Ask any successful artist how much time he/she spends actually creating artwork, and you'll find that time in the studio far exceeds time either planning or dreaming. You see, they settled on some plans and dreams early on and then took immediate action in pursing those dreams. I am honored to call a handful of highly successful artists my personal friends. I see how they conduct their careers and their marketing efforts. They all have one thing in common... they are productive. They paint/work whether they feel like it or not. They put the horse before the cart, first creating a dynamite work and afterwords, they apply the best marketing tools to get their work before collectors' eyes. In fact, these artists didn't have a hard time getting into galleries because the quality of their work is evident.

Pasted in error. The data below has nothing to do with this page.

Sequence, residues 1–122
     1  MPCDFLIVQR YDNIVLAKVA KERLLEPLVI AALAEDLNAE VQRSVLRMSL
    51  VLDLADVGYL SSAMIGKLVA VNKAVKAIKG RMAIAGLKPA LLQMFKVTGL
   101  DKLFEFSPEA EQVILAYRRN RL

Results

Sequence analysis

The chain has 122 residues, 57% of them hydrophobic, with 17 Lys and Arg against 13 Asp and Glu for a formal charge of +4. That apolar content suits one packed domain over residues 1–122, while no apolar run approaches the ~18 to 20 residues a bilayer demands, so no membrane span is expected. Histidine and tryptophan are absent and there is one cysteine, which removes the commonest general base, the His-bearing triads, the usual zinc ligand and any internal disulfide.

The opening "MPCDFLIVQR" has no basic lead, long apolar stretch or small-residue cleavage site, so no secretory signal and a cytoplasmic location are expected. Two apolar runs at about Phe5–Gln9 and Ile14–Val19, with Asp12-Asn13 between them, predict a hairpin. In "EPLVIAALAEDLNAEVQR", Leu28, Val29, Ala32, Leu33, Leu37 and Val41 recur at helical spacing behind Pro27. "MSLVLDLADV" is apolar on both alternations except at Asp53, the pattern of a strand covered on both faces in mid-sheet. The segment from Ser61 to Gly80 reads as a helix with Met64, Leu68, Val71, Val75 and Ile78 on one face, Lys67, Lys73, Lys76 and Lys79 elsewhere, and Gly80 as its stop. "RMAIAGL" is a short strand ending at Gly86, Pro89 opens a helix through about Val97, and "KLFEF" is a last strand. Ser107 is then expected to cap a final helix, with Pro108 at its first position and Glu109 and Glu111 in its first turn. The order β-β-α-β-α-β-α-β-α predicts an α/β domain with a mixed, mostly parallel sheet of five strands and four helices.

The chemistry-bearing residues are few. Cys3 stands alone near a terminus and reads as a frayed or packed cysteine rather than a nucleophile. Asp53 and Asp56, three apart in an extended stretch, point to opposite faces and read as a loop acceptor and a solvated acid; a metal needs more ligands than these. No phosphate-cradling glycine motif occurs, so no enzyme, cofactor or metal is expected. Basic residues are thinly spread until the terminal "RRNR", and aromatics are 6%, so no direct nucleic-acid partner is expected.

I'm going out on a limb here, and this might make some of you angry, but I have to say it because this is what I believe...

Marketing your art gets easier when your artwork is remarkable!

It's absolutely true that you don't have to be the best artist in the world or even in your locality to make a good living at it. There are many types of collectors who buy for a variety of reasons. But! If you desire to show in Scottsdale, Santa Fe, or New York City in a high profile gallery, you're going to have to be better at what you do than most artists in order to knock the socks off of the gallery manager and thereby amaze their regular collectors.